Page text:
He remembers arriving in Charlotte in October 1981.
“This was Charlotte before the new airport,” Whitaker says. “You come down the stairs, and your bags were in a little bin. I’d just come from San Francisco …
“I quickly came to realize it was a small town, but with big dreams. They had this plan for the Charlotte that exists today. It was on paper and in people’s minds – they had it all planned out.”
Whitaker covered lots of meetings and learned how to make them come alive by reporting on the issues that would be discussed beforehand and interviewing regular people the issues would affect.
In documentary work, he had months to put a segment together. At Channel 3, he had to grind out a story that could play at noon, 5 p.m. and all the later newscasts. “I was like, ‘How is this possible?’ “
He moved up and took over as the station’s Raleigh correspondent, back when WBTV and WSOC (Channel 9) covered state government. “Charlotte was considered the big city back then, and nobody was clamoring to be assigned to Raleigh, which at that time was a pretty sleepy state capital,” says Whitaker.
But he arrived at the right time – just as the historic Senate race between Jim Hunt and Jesse Helms got going, well before the actual vote in 1984. It became the meanest and most expensive Senate race to date and got him noticed at CBS.
One of his favorite memories of working in Raleigh involved a prison break. WBTV sent a helicopter over to pick him up and take him to where the search was going on.
Then it flew him back to Raleigh, dropping him off in a vacant field. He’d been promised a car would be waiting for him to take him to the studio. There was no car. He was stranded in the boonies and deadline for the 6 p.m. broadcast was approaching.
When a car came down the road, Whitaker took off for it, waving frantically.
“I can see this woman in the car and she looks scared to death,” he says.
“I give her this story that must have sounded incredible, that I work for a TV station in Charlotte and I just got off a helicopter that landed in the field. She looks at me and says, ‘OK, get in.’ When I get in, she tells me that she’d just been listening to the radio when I came up, and they described the man who escaped – a black man about 6-foot-2 with a mustache,” which fits Whitaker perfectly.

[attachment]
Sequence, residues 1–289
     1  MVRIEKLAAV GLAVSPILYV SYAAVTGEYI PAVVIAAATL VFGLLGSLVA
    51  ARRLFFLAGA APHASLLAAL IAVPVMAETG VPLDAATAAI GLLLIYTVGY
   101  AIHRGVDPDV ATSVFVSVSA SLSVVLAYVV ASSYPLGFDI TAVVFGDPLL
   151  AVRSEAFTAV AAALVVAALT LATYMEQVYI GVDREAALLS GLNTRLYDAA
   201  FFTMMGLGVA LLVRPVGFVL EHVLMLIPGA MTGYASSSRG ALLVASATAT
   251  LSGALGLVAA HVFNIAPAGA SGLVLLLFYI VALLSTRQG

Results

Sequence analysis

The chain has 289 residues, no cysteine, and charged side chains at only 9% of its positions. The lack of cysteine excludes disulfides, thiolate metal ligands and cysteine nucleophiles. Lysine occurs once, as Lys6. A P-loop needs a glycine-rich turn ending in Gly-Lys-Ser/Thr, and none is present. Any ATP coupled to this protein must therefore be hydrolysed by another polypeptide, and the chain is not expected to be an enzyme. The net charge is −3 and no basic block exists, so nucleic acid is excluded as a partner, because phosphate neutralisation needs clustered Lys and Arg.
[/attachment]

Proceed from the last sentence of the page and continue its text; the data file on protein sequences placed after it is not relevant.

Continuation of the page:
“Mercifully, she drove me to our bureau. I later sent her the biggest bouquet of flowers anyone had ever seen.”
Whitaker joined CBS News in 1984, and worked in Atlanta and then became correspondent in Tokyo, which took him to assignments throughout Asia, including the uprising in Tiananmen Square. CBS sent him to Baghdad for the build-up to Operation Desert Storm. He was based in Los Angeles for two decades before he moved this summer to New York and “60 Minutes.”
His first story, about a notorious Mexican drug lord, airs on Sunday night’s installment.
Steve Crump, a former WBTV colleague who will have an interview with Whitaker on Monday’s 6 p.m. newscast on Channel 3, says he’s always had a personal, low-key way with interviews.
“I remember the tornadoes in North Carolina in 1984,” says Crump. “He has this innate way of connecting with people and telling their stories in a way that is not intrusive, that demonstrates compassion and aims at one’s heart when he writes a piece,” Crump says.
“There’s nobody more deserving at CBS for a shot at ‘60 Minutes,’ ” he says. “I find that 30 years later he remains grounded in who he is, paying great attention to detail to his craft and being true to himself.”
Making the team at “60 Minutes” is a pretty big deal to a guy who once wondered whether anyone would give him a reporting job, says Whitaker, 63.
“This is about as high as you can get in journalism,” he says. “It’s wonderful, remarkable. I don’t want to walk around with a big goofy smile on my face and clicking my heels, but I have to pinch myself.
“When it did happen, it was a wonderful surprise. Good things come to those who wait. And wait. And wait, and work hard.”